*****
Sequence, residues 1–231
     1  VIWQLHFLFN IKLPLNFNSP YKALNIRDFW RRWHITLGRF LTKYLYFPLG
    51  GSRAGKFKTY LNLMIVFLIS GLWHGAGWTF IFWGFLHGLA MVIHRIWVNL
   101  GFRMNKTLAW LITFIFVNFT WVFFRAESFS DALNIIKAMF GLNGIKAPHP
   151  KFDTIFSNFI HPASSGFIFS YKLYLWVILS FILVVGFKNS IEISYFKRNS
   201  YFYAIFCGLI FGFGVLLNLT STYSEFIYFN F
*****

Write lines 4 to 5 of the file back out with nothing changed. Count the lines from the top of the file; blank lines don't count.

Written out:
   101  GFRMNKTLAW LITFIFVNFT WVFFRAESFS DALNIIKAMF GLNGIKAPHP
   151  KFDTIFSNFI HPASSGFIFS YKLYLWVILS FILVVGFKNS IEISYFKRNS